When God then, for the sin of His people, gave them into the hand of their enemies, He vindicated His own glory, first by avenging any insult offered to His worship, as in the capture of the ark by the Philistines, or Belshazzar's insolent and drunken abuse of the vessels of the temple; or by vindicating His servants, as in the case of Daniel and the three children, or by chastening pride, as in Nebuchadnezzar, and explaining and pointing His chastisement through His servant Daniel, or by prophecy, as of Cyrus by Isaiah and Daniel. To His own people, His chastisements were the vindication of His glory which they had dishonored, and the close of the long strife between the true prophets and the false. The captivity of the calf ended its worship, and was its final disgrace. The destruction of the temple and the captivity of its vessels and of God's people ended, not the worship, but the idolatries of Judah, and extended among their captors, and their captors' captors, the Medes and Persians, the knowledge of the One true God.

Unto Assyria, for a present to king Jareb - (or to a hostile or strifeful king. See the note above at Hosea 5:13.) Perhaps the name "Jareb" designates the Assyrian by that which was a characteristic of their empire, love of "strife." The history of their kings, as given by themselves in the newly-found inscriptions, is one warfare. To that same king, to whom they sent for aid in their weakness, from whom they hoped for help, and whom God named as what He knew and willed him to be to them, "hostile, strifeful," and "an avenger," should the object of their idolatry be carried in triumph. They had trusted in the calf and in the Assyrians. The Assyrian, to whom they looked as the protector of their liberties, was to carry away their other trust, their god .

Ephraim shall receive shame - This shall be all his gain; this his purchase; this he had obtained for himself by his pride and willfulness and idolatry and ambition and wars: this is the end of all, as it is of all pursuits apart from God; this he "shall receive" from the Giver of all good, "shame." "And Israel shall be ashamed of his own counsel." Ephraim's special "counsel" was that which Jeroboam "took" with the most worldly-wise of his people, a counsel which admirably served their immediate end, the establishment of a kingdom, separate from that of Judah. It was acutely devised; it seemed to answer its end for 230 years, so that Israel, until the latter part of the reign of Pekah, was strong, Judah, in comparison, weak. But it was "the sin wherewith he made Israel to sin," and for which God scattered him among the pagan. His wisdom became his destruction and his shame. The policy which was to establish his family and his kingdom, destroyed his own family in the next generation, and ultimately, his people, not by its failure, but by its success.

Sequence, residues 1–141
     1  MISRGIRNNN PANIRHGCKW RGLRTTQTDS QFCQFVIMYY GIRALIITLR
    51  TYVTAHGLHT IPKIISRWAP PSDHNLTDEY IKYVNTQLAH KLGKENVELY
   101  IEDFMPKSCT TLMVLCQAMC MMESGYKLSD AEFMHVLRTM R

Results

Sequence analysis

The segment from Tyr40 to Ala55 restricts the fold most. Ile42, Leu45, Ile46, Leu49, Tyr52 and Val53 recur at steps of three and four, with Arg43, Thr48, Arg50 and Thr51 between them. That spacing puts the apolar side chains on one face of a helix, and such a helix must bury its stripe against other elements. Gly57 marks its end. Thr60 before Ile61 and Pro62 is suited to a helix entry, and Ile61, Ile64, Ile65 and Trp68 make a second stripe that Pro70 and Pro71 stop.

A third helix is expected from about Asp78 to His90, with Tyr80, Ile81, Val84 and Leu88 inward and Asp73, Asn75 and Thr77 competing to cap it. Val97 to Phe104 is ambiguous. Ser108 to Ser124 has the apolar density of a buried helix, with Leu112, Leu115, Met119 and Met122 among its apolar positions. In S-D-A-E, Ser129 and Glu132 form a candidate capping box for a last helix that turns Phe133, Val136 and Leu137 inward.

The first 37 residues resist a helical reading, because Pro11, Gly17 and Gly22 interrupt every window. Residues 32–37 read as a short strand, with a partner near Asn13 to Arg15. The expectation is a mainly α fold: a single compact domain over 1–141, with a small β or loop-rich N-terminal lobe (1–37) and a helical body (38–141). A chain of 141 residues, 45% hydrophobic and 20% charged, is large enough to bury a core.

6. It … also—The calf, so far from saving its worshippers from deportation, itself shall be carried off; hence "Israel shall be ashamed" of it.

Jareb—(See on [1128]Ho 5:13). "A present to the king (whom they looked to as) their defender," or else avenger, whose wrath they wished to appease, namely, Shalmaneser. The minor states applied this title to the Great King, as the avenging Protector.

his own counsel—the calves, which Jeroboam set up as a stroke of policy to detach Israel from Judah. Their severance from Judah and Jehovah proved now to be not politic, but fatal to them.

It; the golden calf made by Jeroboam the First, 1 Kings 12:28.

Shall be carried; though it hath feet, it cannot go, it must be borne; as Isaiah derides the idols of Babylon, Isaiah 46:2,7 Jer 10:5; and it is carried in triumph. For a present; according to the custom of conquering generals, the rich and rare things of the conquered people were reserved for gifts to their kings; and here is a rarity indeed, a captive god, and it is rich, for it is made of gold.

King Jareb: see Hosea 5:13.

Ephraim shall receive shame, and Israel shall be ashamed: the great confusion of this people is here foretold, and the certainty of it by the ingemination of the phrase: the Assyrians shall upbraid them with their brutish folly, to think that a god which could not keep itself from becoming a prey to insolent soldiers; and when thus taunted, Israel shall have nothing to answer, but must be silent with shame.

Of his own counsel; which is expressly mentioned 1 Kings 12:28; it was against the counsel of God; and as they began, so they persisted in it by the same counsel.